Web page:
Cooked cracked wheat                                   1/2 cup

Oatmeal                                                           1 cup

Sambar with vegetables                                  ½ cup

Idli                                                                  3 inch round

Dosa                                                                9 inch round

Plain cooked toor or channa dhal                   ½ cup

Plain cooked mung dhal                                 ½ cup

Plain cooked chickpeas or any other beans     ½ cup



Plain cooked toor or channa dhal                   ½ cup (Equals one serving of protein or 6 grams of protein)

Plain cooked mung dhal                                 ½ cup

Plain cooked chickpeas or any other beans     ½ cup


BREAKFAST MENU PLAN AND MENU IDEAS:  (Adding vegetables and protein to every meal reduces the carbohydrate intake thus reducing the overall blood sugar spikes.  This idea is incorporated here by adding as much as veggies in the main dish and side dishes along with 1-2 servings of protein.  This also makes us feel full without the excess carbs.


2-3 carbohydrate groups

(to choose from)




1-2 Protein group

1 Fat group


Breakfast Menu Ideas:  The breakfast ideas listed here fall into the less than 40 grams of carbs, more than 6 grams of protein, and less than 3 grams of fat category.  These can be modified according to individual needs and taste.  H ere I have mostly included only ragi, oats, and whole wheat as these grains do not raise the sugars that much since they are made with complex carbohydrates.  These can be substituted with rice if needed.  The idea here is taking small portions or small meals at regular intervals so as to control the blood sugar spikes that is followed by a heavy meal.  Taking in between snacks that are rich in protein is also one way to stay full without feeling deprieved.

1 cup of oats pongal or wheat pongal along with vegetable sambar or any dhal with veggies, 1 small glass of juice or milk (also added to beverages like tea or coffee)

 2-3 idlis or 2 dosas along with any side dishes rich in vegetables and protein followed by a glass of milk or juice or a fruit (optional).
3-4 small-size puris along with ½ cup of any low-carb sides.  If potatoes are included, reduce the side dish quantity to ¼ th cup.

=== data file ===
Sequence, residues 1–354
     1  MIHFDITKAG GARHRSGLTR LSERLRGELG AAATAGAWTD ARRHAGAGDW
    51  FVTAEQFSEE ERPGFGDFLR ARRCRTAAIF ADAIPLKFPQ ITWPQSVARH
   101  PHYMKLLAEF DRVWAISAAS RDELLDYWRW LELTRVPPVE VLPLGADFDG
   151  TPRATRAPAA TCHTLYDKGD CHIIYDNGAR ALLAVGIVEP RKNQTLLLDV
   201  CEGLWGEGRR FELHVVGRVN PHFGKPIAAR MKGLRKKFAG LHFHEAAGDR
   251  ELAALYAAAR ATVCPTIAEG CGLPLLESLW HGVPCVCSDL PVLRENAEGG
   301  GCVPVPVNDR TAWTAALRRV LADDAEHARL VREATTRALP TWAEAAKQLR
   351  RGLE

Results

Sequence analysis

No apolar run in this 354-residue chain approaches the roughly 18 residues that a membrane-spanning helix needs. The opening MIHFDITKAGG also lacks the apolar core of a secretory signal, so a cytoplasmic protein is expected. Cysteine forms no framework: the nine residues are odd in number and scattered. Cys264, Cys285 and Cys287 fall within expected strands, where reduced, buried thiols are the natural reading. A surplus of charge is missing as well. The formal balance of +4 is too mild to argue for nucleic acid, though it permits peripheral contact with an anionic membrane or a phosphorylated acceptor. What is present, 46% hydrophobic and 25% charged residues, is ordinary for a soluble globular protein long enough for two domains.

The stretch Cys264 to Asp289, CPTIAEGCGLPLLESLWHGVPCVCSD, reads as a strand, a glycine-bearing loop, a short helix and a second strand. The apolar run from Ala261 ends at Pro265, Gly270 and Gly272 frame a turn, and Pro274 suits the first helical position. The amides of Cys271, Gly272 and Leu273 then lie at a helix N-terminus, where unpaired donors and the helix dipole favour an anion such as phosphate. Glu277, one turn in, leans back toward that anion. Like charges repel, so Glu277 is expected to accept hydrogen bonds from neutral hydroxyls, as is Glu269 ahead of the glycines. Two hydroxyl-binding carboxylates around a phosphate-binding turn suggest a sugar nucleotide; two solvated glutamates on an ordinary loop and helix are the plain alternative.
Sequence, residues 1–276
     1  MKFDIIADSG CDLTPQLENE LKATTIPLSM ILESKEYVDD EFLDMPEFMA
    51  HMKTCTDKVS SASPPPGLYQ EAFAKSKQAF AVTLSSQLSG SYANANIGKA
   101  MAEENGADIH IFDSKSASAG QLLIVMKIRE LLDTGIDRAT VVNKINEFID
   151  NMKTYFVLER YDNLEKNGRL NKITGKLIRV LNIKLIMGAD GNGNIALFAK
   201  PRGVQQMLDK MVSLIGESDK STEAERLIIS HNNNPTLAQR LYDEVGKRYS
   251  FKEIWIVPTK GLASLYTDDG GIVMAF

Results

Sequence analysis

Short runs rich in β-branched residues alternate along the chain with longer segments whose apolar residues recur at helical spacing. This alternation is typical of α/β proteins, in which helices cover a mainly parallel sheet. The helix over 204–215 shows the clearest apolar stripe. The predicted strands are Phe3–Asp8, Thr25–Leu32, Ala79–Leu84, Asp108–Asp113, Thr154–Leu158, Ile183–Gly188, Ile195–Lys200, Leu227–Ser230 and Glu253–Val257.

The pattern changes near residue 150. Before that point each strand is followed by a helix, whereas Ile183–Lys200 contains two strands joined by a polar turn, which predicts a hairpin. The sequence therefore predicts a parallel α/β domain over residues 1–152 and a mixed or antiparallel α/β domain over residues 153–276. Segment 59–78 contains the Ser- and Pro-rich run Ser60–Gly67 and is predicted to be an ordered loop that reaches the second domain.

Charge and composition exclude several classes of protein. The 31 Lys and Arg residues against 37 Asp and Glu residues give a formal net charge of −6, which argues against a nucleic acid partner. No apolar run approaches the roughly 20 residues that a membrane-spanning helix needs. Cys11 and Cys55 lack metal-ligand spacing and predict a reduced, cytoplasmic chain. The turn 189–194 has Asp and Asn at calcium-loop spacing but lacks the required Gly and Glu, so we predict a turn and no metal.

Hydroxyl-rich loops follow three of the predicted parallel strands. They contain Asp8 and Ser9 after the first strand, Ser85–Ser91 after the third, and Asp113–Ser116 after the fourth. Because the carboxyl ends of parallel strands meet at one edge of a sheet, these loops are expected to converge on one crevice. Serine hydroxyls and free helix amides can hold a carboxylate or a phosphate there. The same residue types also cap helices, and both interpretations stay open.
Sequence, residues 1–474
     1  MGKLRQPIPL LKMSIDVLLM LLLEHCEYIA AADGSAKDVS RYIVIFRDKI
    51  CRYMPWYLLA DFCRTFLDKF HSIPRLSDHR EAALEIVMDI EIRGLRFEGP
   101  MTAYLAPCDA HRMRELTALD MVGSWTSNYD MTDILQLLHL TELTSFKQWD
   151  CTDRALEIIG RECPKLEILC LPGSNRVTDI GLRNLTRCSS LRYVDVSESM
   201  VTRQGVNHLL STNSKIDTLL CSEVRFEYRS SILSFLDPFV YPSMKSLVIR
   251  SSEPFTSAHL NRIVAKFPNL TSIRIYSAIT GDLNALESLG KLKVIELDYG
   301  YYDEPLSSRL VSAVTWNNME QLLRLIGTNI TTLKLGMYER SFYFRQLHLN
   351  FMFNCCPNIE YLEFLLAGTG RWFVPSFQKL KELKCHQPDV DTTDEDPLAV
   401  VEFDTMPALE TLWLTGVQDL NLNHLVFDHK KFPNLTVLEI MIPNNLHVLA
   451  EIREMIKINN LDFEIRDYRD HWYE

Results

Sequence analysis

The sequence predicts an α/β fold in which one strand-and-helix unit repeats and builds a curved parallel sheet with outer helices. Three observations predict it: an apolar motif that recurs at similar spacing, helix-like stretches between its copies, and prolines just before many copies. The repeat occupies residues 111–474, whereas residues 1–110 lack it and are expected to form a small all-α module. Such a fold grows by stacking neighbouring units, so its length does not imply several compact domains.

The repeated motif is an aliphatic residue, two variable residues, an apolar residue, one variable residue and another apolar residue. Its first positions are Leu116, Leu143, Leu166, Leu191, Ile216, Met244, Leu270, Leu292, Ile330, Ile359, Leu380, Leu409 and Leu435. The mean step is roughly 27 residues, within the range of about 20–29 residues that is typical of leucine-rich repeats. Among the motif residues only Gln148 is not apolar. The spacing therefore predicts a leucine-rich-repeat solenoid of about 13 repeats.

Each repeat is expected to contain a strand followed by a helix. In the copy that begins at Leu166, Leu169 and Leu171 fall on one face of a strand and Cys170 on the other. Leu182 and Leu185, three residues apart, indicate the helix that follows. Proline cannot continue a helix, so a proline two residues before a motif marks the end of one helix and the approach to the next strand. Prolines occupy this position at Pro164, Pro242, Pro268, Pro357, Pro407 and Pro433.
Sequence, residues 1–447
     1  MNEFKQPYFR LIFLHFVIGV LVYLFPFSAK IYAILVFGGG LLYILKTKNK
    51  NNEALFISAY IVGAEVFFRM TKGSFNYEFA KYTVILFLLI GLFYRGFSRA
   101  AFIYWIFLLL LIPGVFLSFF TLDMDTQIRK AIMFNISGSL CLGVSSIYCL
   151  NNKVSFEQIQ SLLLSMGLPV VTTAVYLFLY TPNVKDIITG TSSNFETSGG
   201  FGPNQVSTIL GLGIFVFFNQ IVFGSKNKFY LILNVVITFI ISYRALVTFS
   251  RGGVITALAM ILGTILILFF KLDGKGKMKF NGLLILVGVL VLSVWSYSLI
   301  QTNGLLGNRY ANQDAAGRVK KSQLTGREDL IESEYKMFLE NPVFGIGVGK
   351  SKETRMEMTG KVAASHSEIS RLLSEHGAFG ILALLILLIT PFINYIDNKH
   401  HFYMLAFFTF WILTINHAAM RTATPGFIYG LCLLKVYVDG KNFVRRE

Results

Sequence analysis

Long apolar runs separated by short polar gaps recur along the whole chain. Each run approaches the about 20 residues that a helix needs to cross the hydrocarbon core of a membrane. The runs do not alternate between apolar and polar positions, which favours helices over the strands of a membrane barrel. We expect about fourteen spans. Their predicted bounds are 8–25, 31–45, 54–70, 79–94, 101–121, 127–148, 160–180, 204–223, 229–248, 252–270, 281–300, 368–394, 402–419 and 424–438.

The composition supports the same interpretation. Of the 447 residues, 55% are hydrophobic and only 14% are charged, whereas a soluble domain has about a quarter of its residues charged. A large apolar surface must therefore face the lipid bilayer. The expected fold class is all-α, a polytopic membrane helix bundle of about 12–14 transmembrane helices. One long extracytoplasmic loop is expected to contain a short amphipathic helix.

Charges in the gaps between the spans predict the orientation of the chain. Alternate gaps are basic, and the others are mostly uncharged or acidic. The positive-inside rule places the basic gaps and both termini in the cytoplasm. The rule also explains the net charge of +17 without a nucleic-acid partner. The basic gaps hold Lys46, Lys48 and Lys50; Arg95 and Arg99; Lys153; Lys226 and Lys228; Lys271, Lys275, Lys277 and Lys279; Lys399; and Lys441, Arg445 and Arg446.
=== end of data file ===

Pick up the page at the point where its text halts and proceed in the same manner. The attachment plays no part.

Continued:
1 cup of vegetable upma with chutney 1 small glass of juice or milk (also added to beverages like tea or coffee).

 2 adais with 1 cup of aviyal with preferred morning beverages.
1 cup of ragi or cracked wheat puttu along with a small banana.
2 slices of whole wheat of multigrain bread with 1 tablespoon of peanut butter and sugar-free jam along with a glass of milk or juice or a cup of fruit or ½ banana.

2 slices of whole wheat or multigrain bread with an omelet (vegetables and cheese also can also be added to the eggs and only egg whites or a combination of whole eggs and egg whites can be used).

1 cup of oatmeal topped with 1 tablespoon of chopped nuts, and ½ cup of fruits or juice).

1 cup of low-sugar cereal topped with ½ cup of fruits with ½ cup of milk.

Here are a list of breakfast recipes from my blog to plan based on the carbohydrate meal plan presented above.

Wheat rava/cracked wheat puttu

Ragi puttu

Vendhaya/ fenugreek dosai

Sweet wheat rava adai

Spicy oats porrdige/soup

Ragi/red millet and greens adai

Wheat rava/cracked wheat vegetable idli

Oats keerai pongal

Oats uppu urundais/kozukattais

Oats vegetable masala upma

Wheat paripoorana pongal / thalitha pongal

Wheat rava/cracked wheat vegetable upma

Wheat idli

Instant wheat idli

Cracked wheat usili

Godumai inipu dosai/ sweet wheat crepes

Wheat rava kesari

Low carb savory pancakes uthappam style

Oats and cracked wheat rava idli

Pesarattu / moong dhal dosa

Ragi idli

Cracked wheat rava pongal

Brown rice uppu urundai

Oats Pongal

Tofu scramble for breakfast

Spinach and cheese eggwhites omelet


Umamaheswari Anandane said...

Useful post for all Gita. This is a great list and thanks for taking time to post this one :)

nandoos Kitchen said...

Very useful post Geetha. Thanks for sharing.

Hamaree Rasoi said...

Thanks a lot Gita for this healthy and tasty breakfasts. have bookmarked this post.

remya sean said...

really useful...great work....

Menaga sathia said...

very useful post dear,thxs for sharing it!! said...

Nice post, I bookmark your blog because I found very good information on your blog, Thanks for sharing
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nancyrobert2011 said...

definitely a perfect kid friendly breakfast

healthy breakfast ideas for weight loss

nancyrobert2011 said...

definitely a perfect kid friendly breakfast'

healthy breakfast ideas for weight loss